We’re not building a watch (store)! Oh wait, yes we are!
Summit Design + Build’s Senior Superintendent, Tony Denofrio, shares his first-hand account of what it takes to successfully complete the build-out of a luxury retail store on Michigan Avenue.
Over the years, we have all heard various phrases that seem to convey a similar meaning. In the construction industry, time is money, so we often hear from above “It doesn’t need to play music!”, or “You’re not building a watch!”, and many others that are not appropriate for this conversation. The point of all this is that an emphasis is placed on production over details, since the former lends itself to faster completion (and better profit margins) whereas the latter implies more manhours than typically allocated in the contract proposal.
In late Fall of 2020, I was tasked with a luxury retail project on Michigan Ave for a repeat client of Summit’s: Burdeen’s Jewelry. I had been involved with some luxury retail build-outs in the past, but this was my first foray into the world of jewelry stores. I had a fair bit of knowledge as to what challenges I could be presented with, most notably the conversion to metric from standard, finishes from oversees made prior to the first screw being turned onsite, and the inevitable, uncontrollable schedule delays inherent to our industry. Now the challenge was to get everyone on the project team to buy into the mantra, “We ARE building a watch (store)”!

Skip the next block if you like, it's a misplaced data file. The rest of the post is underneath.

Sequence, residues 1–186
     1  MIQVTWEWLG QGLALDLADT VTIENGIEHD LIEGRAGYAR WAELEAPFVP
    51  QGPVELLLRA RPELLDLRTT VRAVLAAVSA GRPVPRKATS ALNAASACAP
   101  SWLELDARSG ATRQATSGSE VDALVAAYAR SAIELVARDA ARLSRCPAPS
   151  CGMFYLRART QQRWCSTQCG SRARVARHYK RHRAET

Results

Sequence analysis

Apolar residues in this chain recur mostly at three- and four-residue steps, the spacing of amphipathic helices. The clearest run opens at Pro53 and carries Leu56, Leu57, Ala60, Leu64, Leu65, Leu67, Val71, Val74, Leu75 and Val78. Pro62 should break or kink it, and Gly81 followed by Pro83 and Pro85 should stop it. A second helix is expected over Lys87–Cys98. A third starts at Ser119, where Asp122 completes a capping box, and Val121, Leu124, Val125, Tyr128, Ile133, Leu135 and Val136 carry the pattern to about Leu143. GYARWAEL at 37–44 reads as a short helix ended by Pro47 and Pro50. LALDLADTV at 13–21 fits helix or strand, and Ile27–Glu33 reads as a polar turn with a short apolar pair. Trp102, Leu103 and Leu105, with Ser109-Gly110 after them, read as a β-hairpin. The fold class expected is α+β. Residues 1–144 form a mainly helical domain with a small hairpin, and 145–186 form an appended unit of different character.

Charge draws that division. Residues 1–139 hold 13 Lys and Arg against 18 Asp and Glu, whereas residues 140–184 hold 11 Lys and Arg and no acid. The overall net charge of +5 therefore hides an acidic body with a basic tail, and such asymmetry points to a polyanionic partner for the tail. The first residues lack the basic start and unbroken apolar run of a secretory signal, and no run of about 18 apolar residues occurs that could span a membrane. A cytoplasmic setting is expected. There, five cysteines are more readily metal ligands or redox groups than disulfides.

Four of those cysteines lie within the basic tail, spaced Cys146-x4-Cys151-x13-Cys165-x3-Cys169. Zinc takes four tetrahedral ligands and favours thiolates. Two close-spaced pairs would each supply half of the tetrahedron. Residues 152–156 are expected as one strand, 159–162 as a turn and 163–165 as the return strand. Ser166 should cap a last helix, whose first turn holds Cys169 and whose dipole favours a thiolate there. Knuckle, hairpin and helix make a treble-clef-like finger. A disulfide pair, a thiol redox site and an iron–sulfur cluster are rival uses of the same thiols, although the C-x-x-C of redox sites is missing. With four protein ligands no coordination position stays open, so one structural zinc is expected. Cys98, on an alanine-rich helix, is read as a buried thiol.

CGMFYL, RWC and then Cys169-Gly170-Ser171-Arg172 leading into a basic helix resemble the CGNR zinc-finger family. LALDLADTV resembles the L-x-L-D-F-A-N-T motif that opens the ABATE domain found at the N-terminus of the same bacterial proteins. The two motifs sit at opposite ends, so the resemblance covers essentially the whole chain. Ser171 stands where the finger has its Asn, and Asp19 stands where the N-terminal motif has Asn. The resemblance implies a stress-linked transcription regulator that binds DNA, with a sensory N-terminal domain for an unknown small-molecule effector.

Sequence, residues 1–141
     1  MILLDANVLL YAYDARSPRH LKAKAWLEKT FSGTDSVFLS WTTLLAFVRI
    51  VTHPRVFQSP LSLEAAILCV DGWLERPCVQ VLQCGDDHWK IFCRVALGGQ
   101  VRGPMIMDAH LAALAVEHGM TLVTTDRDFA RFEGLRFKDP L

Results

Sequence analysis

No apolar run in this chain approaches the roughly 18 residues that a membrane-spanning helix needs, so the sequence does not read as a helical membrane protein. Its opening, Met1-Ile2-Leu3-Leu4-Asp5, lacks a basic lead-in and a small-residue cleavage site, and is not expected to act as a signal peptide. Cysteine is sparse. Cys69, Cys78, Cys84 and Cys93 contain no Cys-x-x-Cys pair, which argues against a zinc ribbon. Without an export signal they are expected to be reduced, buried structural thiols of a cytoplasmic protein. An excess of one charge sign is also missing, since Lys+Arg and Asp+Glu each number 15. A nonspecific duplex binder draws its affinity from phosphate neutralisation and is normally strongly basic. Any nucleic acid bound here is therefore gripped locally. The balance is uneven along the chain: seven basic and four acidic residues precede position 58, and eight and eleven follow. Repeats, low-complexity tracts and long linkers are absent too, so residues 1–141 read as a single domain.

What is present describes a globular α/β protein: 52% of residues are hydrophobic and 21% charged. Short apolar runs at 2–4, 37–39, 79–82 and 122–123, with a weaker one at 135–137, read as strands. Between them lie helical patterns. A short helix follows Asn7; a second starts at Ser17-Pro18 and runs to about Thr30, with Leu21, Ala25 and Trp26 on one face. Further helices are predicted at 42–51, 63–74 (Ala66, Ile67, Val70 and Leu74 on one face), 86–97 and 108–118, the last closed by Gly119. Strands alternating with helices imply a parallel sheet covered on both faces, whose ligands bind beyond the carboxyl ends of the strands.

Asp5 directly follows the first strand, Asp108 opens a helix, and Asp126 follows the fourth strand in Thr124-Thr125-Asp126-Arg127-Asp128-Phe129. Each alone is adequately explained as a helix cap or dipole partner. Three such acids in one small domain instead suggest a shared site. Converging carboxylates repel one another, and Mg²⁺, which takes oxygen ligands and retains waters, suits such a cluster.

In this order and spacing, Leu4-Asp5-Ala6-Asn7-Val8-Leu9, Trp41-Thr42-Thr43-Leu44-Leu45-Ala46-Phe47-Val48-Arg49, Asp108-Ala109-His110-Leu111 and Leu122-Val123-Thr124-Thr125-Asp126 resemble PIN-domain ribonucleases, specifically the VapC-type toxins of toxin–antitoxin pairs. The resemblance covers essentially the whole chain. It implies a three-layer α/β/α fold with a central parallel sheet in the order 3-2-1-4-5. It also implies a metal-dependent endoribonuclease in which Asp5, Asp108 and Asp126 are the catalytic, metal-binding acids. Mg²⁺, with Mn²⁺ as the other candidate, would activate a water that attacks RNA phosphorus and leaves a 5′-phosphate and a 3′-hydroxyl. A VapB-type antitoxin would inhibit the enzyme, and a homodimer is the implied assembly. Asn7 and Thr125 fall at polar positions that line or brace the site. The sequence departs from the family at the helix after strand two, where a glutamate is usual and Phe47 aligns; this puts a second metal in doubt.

Details Considered During Construction
The value of full layout and conflict resolution
Controls and benchmarks
Without having established X & Y Axis control lines, and a Z Axis for elevation above finished floor, there is really no possible way to ensure consistency in maintaining any type of parallel or perpendicular layouts, or maintain clear heights or any other accurate vertical dimensioning. This really came into play here with the millwork that is fabricated offsite and without any field measure. The finish package is designed around the space, and it’s up to the field team on the ground to maintain the critical hold dimensions which will allow the finishes to be installed properly with no gaps or encroachments. These control lines are crucial for all trades to base their work from, as these are the standard to which the conceptual design and execution is based. Any deviations from the control lines will most likely rear their ugly heads when it’s too late (read: increasingly expensive to correct).
Once the control lines and benchmarks are established, a full partition layout is needed to determine if the rough space was accurately measured, and to highlight any discrepancies in the wall layout. Surprisingly, we did not have many issues related to this step in the process, and actually “found” some space that was concealed by a furring wall that was not essential in any way. Once the layout was completed, and the minor issues resolved, the next phase, what I feel is the most critical phase, is the layout of the ceiling, commonly referred to as the Reflected Ceiling Plan (RCP).
Full RCP layout